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Saturday, December 29, 2012

My Life in Vietnam part 5: Making Friends

With each day that I don't write or that I try to adjust to being back in the USA, the memories of my exodus from Vietnam seem to feel further and further away from reality. I know that what I experienced was nothing short of real, but as I think about it, it seems so implausable that quickly try and search for something physical as a reminder of the events of recent weeks. The one thing that remains true is that my story can only exist in the context of Vietnam. So I have to provide more context. In order for you to understand HOW I was thinking, you really need to suspend disbelief for a bit and consider the context. By the way, I will do my best to label facts, conjecture, speculation, my reasoning, and the unknown whenever possible.

I am a nice guy, but I could not always say this. Some years ago I worked in a call center for an online brokerage company and dealing with other people's problems all day made me cold, detached, and removed from human suffering - or perceived suffering. Then I quit that job after 5 years and started working as a financial advisor with Merrill Lynch. Working in retail advisory services is souless and cuthroat. It was just the wake up call that I needed to find my way.  

Meeting the right people during that time of my life led me to the Law of Attraction. I began to realize that chasing paper was not any way to live. Sure money is nice when you have it. It is important when you don't have it, and it is evil when you are always basing your decisions on trying to get it. I started to realize that my happy life (and I say that with some serious sarcasm) was not so happy.  Eventually I found a simple way to bring some joy back into my life. I started living by an idea. I call the idea Plus One.

Whenever I meet someone new, I want to be genuinely nice to them. If they are also nice, then we end up with a friendship that can last a life time. But this new person is not nice and is not genuine with me, then I lose all obligations to be nice to them. I can still be friendly, but if I am not I still sleep at night. The math is simple. I was nice (1), they were not (0), then I was not (0). And the other way around - I was nice (1), they were nice (1), etc.  At the end of each day, I had a tally - no, I don't write this down.  But the basic idea is that even if I only meet the most ridiculous and phoney people, I have a +1 score at the end of each day.  So I call it plus one.

Back to Vietnam. 

I met some interesting people in Vietnam.  And just like everywhere I have been since I started living by Plus One, I was open to the idea that I can be friends with any and everyone. There was T. Again, I am talking about real people and don't want to call anyone out and cause them drama with their friends. But if T reads this, he will know that I have not exaggerated or misrepresented him.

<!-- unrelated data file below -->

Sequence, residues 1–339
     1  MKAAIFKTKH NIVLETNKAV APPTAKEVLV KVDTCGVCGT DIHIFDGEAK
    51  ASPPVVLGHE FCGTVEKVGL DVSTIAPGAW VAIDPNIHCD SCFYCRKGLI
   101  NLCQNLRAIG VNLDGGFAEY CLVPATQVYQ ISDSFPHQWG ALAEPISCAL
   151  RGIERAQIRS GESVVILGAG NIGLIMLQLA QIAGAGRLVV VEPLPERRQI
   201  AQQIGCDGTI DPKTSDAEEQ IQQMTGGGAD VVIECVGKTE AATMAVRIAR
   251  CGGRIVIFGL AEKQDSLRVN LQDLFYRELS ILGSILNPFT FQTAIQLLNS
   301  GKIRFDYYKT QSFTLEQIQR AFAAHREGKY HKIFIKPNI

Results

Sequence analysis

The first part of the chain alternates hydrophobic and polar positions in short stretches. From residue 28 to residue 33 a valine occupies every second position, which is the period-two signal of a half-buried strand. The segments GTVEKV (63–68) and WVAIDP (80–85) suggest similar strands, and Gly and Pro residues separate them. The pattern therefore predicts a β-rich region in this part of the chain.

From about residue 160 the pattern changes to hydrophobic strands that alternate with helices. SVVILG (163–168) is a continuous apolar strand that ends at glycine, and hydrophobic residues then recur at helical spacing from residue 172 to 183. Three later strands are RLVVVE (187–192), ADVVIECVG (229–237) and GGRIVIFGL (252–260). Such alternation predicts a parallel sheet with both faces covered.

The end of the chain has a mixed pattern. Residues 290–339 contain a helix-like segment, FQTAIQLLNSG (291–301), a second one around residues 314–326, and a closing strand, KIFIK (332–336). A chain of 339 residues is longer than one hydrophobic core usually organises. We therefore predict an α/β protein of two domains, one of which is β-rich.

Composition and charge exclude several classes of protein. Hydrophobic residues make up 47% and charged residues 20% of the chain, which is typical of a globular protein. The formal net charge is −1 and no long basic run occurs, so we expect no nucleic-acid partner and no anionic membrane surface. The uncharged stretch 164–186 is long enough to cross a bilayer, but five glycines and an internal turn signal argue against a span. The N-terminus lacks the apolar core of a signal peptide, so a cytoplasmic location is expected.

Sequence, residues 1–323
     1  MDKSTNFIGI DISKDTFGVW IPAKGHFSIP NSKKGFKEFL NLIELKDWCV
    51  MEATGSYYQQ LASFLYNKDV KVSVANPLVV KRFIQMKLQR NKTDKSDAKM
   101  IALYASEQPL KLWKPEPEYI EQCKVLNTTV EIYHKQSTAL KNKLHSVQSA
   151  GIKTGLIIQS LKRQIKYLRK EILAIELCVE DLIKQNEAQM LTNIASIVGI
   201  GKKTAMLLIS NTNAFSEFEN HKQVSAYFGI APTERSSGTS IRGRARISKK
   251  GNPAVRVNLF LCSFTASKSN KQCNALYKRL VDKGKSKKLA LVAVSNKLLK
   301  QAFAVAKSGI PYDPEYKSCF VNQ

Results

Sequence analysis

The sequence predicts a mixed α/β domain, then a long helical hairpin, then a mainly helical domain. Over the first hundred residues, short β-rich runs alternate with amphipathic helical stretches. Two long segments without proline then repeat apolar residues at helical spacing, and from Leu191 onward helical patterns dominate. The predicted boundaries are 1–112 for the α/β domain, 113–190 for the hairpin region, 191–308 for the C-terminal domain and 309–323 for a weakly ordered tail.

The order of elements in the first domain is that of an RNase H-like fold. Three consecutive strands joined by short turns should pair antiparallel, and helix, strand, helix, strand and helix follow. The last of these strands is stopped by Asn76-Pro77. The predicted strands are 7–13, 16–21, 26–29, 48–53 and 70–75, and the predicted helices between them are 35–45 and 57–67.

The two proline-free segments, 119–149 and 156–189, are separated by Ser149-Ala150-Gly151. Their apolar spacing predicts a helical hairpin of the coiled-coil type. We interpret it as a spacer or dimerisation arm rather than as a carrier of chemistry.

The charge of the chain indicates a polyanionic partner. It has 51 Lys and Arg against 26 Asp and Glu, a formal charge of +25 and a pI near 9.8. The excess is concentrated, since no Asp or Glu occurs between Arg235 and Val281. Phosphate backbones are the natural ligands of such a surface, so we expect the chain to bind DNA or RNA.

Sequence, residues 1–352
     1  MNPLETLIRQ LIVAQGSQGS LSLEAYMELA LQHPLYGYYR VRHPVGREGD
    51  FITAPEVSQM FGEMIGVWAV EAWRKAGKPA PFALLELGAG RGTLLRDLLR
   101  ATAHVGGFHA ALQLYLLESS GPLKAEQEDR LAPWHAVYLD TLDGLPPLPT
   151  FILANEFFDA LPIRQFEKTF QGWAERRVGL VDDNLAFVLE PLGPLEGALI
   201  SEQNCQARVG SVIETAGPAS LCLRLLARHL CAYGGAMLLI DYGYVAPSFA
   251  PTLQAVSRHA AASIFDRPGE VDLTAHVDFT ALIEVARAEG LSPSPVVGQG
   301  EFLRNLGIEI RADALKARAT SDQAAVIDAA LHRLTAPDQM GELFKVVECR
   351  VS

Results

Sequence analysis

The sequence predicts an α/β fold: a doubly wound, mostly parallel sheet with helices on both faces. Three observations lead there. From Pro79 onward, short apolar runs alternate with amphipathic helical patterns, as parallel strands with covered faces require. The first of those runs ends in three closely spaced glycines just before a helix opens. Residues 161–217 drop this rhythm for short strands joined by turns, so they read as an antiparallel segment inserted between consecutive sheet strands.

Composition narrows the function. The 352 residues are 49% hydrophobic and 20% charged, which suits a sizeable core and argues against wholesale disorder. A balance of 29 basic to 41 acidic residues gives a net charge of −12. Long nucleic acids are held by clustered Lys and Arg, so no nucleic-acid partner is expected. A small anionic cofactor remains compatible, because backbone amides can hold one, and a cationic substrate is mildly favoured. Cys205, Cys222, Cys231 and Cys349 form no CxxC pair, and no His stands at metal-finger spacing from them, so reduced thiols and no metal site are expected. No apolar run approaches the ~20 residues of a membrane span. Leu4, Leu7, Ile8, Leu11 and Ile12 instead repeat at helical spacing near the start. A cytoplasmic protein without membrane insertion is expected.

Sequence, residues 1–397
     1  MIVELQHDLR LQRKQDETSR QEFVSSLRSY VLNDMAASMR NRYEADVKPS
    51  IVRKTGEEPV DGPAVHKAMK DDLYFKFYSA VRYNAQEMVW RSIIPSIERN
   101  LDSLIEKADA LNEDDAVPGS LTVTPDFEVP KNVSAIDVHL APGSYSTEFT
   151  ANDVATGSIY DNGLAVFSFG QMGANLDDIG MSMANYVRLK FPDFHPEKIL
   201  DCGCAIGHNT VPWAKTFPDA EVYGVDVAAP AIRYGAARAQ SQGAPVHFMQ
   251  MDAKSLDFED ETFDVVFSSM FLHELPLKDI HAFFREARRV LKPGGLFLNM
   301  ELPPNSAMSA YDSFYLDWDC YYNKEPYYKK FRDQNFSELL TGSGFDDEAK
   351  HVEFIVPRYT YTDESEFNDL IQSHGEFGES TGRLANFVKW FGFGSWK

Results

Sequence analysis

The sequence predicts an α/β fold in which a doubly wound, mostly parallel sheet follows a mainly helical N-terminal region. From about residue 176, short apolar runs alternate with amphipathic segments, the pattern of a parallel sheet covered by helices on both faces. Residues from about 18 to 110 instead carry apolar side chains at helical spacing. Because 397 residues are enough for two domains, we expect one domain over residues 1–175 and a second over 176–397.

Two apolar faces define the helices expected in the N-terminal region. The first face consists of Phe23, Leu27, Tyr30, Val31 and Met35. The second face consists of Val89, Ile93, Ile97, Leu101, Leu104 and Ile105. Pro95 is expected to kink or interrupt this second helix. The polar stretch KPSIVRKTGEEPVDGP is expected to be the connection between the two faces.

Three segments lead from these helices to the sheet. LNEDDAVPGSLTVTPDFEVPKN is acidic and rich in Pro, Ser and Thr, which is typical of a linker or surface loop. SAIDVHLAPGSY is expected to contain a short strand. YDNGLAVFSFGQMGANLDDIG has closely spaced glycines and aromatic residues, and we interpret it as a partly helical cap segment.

T has an addiction. I am no stranger to addictions and probably will have to write about that soon. But for now, it is not important. T's problem and joy is heroin. In Vietnam, especially Saigon, it is apparently easy to acquire and cheap. T was one of the first friends I made in Saigon. He and his girlfriend lived a floor above me in the first room I rented. He is a brilliant writer and writes with the kind of thick verbose language that makes you just want to keep reading or listening to him read. His life mate, K, is a photographer and has an eye that captures the very essence of life in the most dingy of places. The three of us all were making a living as English teachers in Saigon. Proximity and art, and the ability to talk in English made us fast friends. Although I am a bit of a loner and feel a little out of place being too tight with a couple. Don't need any perceived drama.

That being said, I thought T and I were becoming good friends. In fact, when I first moved to the building they lived in, I was often short on cash because I had been traveling for several months and spent my last bits of cash to get a room, a motorbike, clothes for work, etc. He would often just hand me a few hundred thousand VND - $5 to $15 dollars. In Saigon, I could live for a week on $15 if I really stuck to the basic needs. After the first couple of paychecks came in, this situation quickly reversed. This was when I learned about T's affinity for heroin.

Kicking habits is not easy. I cannot count the number of times I have wanted to quit smoking and failed miserably. T had mentioned that he was trying to break his habit and this was percipitated by the fact that K had vowed to end their relationship if he did not. He started asking if he could keep things in my room for a few hours here or there. I said yes because I have never used heroin. 

This was probably not the best idea. If I had known then that my room was not secure and that all of my activites were monitored, I would have probably said no, I can't let you keep things here. Some one might think it belongs to me.

More to come . . .
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